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‘I wish I could help you’

Diagnosing and addressing fetal alcohol spectrum disorder



Published: Daily Hampshire Gazette, 5/28/2019 9:36:36 AM at

Leslie Leff, a clinical social worker with the Cutchins Programs for Families and Children in Northampton, has become tired of telling parents “I wish I could help you.”

“I work with children, primarily, who have experienced trauma,” Leff explained. “Kids come in, and it’s not that they don’t have an attachment (disorder). It’s not that they don’t have trauma. It’s that they also have this.”

The “this” Leff was referring to is fetal alcohol spectrum disorder (FASD), which is caused by alcohol consumption during pregnancy, according to the Centers for Disease Control (CDC). FASD encompasses a range of disabilities — including fetal alcohol syndrome — resulting from permanent brain damage and physical deformities line “structural problems of the heart and the eyes,” said Dr. Jonathan Schwab, a pediatrician at Northampton Area Pediatrics. Nationally and based on CDC statistics, FASD could be more prevalent than Down syndrome, cerebral palsy, sudden infant death syndrome, cystic fibrosis, and spina bifida combined, and about as common as autism, according to Enid Watson, director of screening and early Identification for the State FASD Task Force.

And yet, in her experience, FASD specific services in Massachusetts “are very, very limited,” Leff said, noting that she is professionally trained in social work, not treating someone with a neurobehavioral disorder like FASD. Cutchins Programs helps children dealing with trauma, sensory processing disorders, co-occurring emotional, and autism spectrum disorders, according to the program’s website.

Compared to neonatal abstinence syndrome (NAS), which happens when drugs are taken during pregnancy, Watson says drinking alcohol during pregnancy can be worse because the effects don’t necessarily go away. With the right treatment, a baby with NAS “can have few, if any, deficits” in the long term, assuming the mother didn’t smoke or drink alcohol, Watson said.

A recent CDC report titled “Consumption of Alcohol Beverages and Binge Drinking Among Pregnant Women Aged 18-44 Years — United States, 2015-2017,” warns, “Drinking alcohol while pregnant can cause miscarriage, stillbirth, and fetal alcohol spectrum disorders. There is no known safe level of alcohol use during pregnancy.”

The spectrum disorder sometimes manifests through behavior — hyperactivity, compulsivity, distractibility, forgetfulness and aggression, according to Dr. Mary Alice Abbott, a geneticist at Baystate Medical Center in Springfield. Abbott says she frequently diagnoses FASD, based on referrals from primary care physicians like Schwabb, pediatric developmental specialists or early intervention programs. Most of the patients she sees are school-aged children, but Abbott says she has also diagnosed adults before.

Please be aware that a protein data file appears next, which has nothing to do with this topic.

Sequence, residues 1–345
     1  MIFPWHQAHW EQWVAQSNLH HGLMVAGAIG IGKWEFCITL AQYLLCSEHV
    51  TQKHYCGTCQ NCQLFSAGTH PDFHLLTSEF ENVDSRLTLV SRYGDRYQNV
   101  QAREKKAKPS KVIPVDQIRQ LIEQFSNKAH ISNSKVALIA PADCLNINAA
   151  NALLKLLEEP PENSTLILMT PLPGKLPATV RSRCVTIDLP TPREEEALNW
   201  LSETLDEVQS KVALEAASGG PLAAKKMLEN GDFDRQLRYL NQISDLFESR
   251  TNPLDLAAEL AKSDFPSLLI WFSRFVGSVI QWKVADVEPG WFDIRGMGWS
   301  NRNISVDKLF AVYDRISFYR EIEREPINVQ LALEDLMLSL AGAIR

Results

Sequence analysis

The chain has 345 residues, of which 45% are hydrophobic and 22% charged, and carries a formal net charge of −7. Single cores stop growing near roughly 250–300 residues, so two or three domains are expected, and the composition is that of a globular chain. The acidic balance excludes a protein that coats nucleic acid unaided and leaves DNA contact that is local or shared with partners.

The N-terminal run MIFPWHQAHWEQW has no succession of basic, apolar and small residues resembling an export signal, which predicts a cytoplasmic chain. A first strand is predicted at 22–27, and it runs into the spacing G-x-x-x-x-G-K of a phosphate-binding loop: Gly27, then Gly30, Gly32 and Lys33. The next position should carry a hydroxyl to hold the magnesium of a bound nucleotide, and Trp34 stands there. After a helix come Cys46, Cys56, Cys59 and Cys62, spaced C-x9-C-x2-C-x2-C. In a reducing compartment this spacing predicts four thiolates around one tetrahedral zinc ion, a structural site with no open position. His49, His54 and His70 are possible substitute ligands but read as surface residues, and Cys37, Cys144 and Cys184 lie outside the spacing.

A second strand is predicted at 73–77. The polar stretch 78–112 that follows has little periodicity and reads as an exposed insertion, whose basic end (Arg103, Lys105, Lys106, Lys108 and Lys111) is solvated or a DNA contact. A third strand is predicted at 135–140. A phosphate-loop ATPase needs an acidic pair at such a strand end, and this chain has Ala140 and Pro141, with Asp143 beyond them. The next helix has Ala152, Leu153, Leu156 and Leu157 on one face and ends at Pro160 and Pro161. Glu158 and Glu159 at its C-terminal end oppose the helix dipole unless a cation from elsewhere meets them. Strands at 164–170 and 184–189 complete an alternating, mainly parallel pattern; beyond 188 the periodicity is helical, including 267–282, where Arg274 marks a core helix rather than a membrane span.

“ What’s challenging is that there’s not a diagnostic test. You can’t measure a blood level. There’s not a marker for exposure,” Abbott said.

Instead of a blood test, Abbott says she looks for short stature, low weight, small head circumference and certain facial features in the area between the nose and the upper lip.

“The features can be subtle,” Abbott said. “There could be birth defects, there’s neurocognitive and neurobehavioral abnormalities, which can look like ADHD, poor executive functioning, and there may be cognitive disabilities, but there may be normal intelligence.” All of this makes FASD “a very under-diagnosed condition,” Abbott said.

A disclaimer on the CDC’s website notes “we do not know exactly how many people have fetal alcohol spectrum disorders” because so many people go undiagnosed.

Based on data from the CDC’s Behavioral Risk Factor Surveillance System, 11.5 percent of pregnant women aged 18 to 44 reported drinking while pregnant, and 3.9 percent of the same reported binge drinking, according to a recent report.

The National Institutes of Health recently funded a nationwide study of first graders, which estimated up to 5 percent of the United States’ population could have some sort of FASD. Previous estimates pegged the number around 1 percent.

In her practice as a social worker, Leff says she has seen symptoms of FASD play out firsthand. Recently, Leff says she went to school with one her young patients. The child couldn’t remember how to make the letter ‘f’ even though she’d recently learned how to and could do so easily two days before, according to her teacher.

“Because so many of these kids look typical, it’s an invisible disorder,” Leff said. “A lot of those symptoms can also be symptoms of trauma. The difference between trauma … and this physical disability is that this is permanent brain damage.”